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California DMV gave incorrect Real ID to an immigrant with temporary legal status

What is REAL ID?

Starting Jan. 22, Californians need to apply for a new, federally-approved driver's license or ID before the old ones become invalid for air travel.
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Starting Jan. 22, Californians need to apply for a new, federally-approved driver's license or ID before the old ones become invalid for air travel.

An immigrant with temporary legal status in California has received an incorrect Real ID from the state’s Department of Motor Vehicles, raising concerns about the department’s ability to process the enhanced identification cards.

Documents obtained by The Sacramento Bee show the individual received the card with an expiration date that would have allowed the person to stay in the United States four years beyond the immigrant’s legal residency.

According to a person familiar with the matter, the individual was a DACA recipient – someone who was unlawfully brought into the United States as a child and given legal status through the Deferred Action for Childhood Arrivals program.

When the “Dreamer” contacted the DMV, the immigrant was directed to discard the license and wait for a new one in the mail with an updated expiration date, according to the person familiar with the matter.

The DMV does not track the number of driver licenses given to DACA recipients, so it doesn’t know how many immigrants with temporary legal status might have received incorrect Real IDs.

“There is no way to know how many DACA recipients have driver licenses because the DMV does not differentiate driver license holders by the legal presence documents that are presented,” the department said in a statement.

Congress passed the Real ID law in 2005 as a security precaution after 9/11. The card allows legal U.S. residents to board airplanes and enter other federal facilities, such as military bases, without a passport.

But California has struggled to implement the program since launching it last year. For instance, the department’s initial process for administering Real IDs did not comply with Homeland Security standards and the DMV must contact 3.6 million residents to correct its mistake.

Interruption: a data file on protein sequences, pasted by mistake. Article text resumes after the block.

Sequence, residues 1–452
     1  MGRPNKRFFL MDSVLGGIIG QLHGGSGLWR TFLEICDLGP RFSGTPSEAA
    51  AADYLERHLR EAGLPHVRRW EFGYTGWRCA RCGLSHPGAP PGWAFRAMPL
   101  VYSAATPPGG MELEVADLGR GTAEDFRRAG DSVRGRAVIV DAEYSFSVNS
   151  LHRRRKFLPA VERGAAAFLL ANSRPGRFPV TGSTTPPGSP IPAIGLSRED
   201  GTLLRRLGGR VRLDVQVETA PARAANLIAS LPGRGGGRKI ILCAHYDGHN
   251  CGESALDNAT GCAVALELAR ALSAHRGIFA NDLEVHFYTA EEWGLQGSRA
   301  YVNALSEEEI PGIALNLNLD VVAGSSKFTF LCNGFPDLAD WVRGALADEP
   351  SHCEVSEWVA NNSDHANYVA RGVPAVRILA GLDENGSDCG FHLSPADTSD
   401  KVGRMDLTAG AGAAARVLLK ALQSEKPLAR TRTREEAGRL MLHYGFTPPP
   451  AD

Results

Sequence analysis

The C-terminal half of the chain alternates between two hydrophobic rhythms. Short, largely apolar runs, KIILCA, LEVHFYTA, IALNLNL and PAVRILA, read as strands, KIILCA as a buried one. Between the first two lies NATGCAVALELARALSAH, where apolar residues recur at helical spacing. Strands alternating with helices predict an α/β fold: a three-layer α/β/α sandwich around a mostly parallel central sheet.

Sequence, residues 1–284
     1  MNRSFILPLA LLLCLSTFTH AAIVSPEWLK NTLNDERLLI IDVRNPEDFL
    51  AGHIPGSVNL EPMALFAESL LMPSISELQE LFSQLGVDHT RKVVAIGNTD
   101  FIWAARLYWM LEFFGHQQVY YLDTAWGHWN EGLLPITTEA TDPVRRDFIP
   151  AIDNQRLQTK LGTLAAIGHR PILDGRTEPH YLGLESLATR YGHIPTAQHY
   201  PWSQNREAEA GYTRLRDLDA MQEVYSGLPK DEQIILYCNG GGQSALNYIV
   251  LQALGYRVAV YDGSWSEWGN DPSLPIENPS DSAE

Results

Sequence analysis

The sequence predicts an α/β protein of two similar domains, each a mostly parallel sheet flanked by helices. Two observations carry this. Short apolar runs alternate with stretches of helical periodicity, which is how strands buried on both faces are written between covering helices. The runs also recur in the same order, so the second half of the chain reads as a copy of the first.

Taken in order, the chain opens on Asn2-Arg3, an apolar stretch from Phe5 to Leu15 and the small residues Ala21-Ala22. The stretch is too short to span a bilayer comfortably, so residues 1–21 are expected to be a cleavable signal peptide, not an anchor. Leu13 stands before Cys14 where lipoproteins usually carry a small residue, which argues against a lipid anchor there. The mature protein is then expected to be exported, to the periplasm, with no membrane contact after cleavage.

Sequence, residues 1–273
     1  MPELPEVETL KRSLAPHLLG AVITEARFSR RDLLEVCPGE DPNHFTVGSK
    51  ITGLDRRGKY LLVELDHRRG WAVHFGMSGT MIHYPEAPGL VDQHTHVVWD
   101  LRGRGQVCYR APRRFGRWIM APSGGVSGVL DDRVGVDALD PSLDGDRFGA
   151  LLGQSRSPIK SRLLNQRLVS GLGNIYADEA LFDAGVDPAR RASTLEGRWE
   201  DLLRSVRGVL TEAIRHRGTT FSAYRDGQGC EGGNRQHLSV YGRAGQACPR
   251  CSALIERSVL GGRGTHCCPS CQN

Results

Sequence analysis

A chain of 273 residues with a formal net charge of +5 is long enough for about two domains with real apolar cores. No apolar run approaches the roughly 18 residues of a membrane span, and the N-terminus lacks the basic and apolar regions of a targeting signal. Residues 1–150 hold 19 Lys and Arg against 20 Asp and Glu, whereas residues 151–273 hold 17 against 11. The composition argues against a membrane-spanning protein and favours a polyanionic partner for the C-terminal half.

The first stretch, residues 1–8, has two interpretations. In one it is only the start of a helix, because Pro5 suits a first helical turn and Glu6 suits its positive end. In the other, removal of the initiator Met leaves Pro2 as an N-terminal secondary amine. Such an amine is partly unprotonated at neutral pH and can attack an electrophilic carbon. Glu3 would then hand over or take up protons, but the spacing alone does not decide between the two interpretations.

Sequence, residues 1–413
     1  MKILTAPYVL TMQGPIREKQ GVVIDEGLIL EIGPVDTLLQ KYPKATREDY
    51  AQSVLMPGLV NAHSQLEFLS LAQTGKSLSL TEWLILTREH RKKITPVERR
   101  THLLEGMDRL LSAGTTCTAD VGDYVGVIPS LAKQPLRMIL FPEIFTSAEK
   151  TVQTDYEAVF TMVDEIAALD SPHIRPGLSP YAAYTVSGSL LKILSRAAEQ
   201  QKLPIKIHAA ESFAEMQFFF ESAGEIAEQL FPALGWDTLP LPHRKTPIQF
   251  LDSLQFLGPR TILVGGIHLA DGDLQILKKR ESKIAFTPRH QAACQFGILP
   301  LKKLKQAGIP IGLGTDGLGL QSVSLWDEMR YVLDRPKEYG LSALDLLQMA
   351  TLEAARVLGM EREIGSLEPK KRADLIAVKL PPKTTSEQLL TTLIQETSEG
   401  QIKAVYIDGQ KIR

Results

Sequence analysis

While DACA recipients can lawfully obtain Real ID cards, they are only supposed to be issued them until their legal status expires, according to federal Department of Homeland Security guidelines. If Dreamers don’t spot the error on their driver’s licenses, it’s unclear what could happen to their immigration status.

The DMV relies on DACA recipients to bring the issue to the department’s attention if the expiration date on their driver’s license doesn’t match the expiration date on their Immigration and Naturalization Service documents, a source with knowledge of the problem said.

Layla Razavi, policy director for the California Immigrant Policy Center, said in a statement that she believes the problem of mismatched expiration dates “is rare,” but a person close to the matter believes there is a systemic problem of the DMV issuing faulty licenses to DACA recipients. Razavi urges people who find themselves in that position to contact the DMV immediately.

A DHS official said the agency will look into California issuing inaccurate IDs to Dreamers. “It is our policy to review any Real ID compliance complaints/allegations promptly and take whatever action may be appropriate.”

The DMV said it verifies information about DACA recipients with Homeland Security.

“When Californians with limited-term legal presence apply for a driver license, the DMV verifies that information with the federal government,” the DMV said in a statement. “When DHS verifies the documents, it also updates the DMV system of when those documents expire, and a card is issued with that expiration date. It’s an automated process.”

The DMV also noted that undocumented immigrants cannot apply for a Real ID card.

Gov. Gavin Newsom’s administration is asking state lawmakers to boost the DMV’s budget by $163 million to address a number of issues, including issuing Real ID cards. Californians will need identification cards by Oct. 1, 2020 to board a plane without a passport.

The DMV has specifically requested nearly $10 million for a marketing campaign aimed at educating customers about documents needed for a Real ID card and alternatives to visiting a field office when renewing a driver license.

Next month, lawmakers will vote on a budget increase and consider a bipartisan audit request that would, in part, “identify and evaluate the challenges the DMV is facing in regard to Real IDs.”

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Bryan Anderson is a political reporter for The Bee. He covers the California Legislature and reports on wildfires and transportation. He also hosts The Bee’s “California Nation” podcast.
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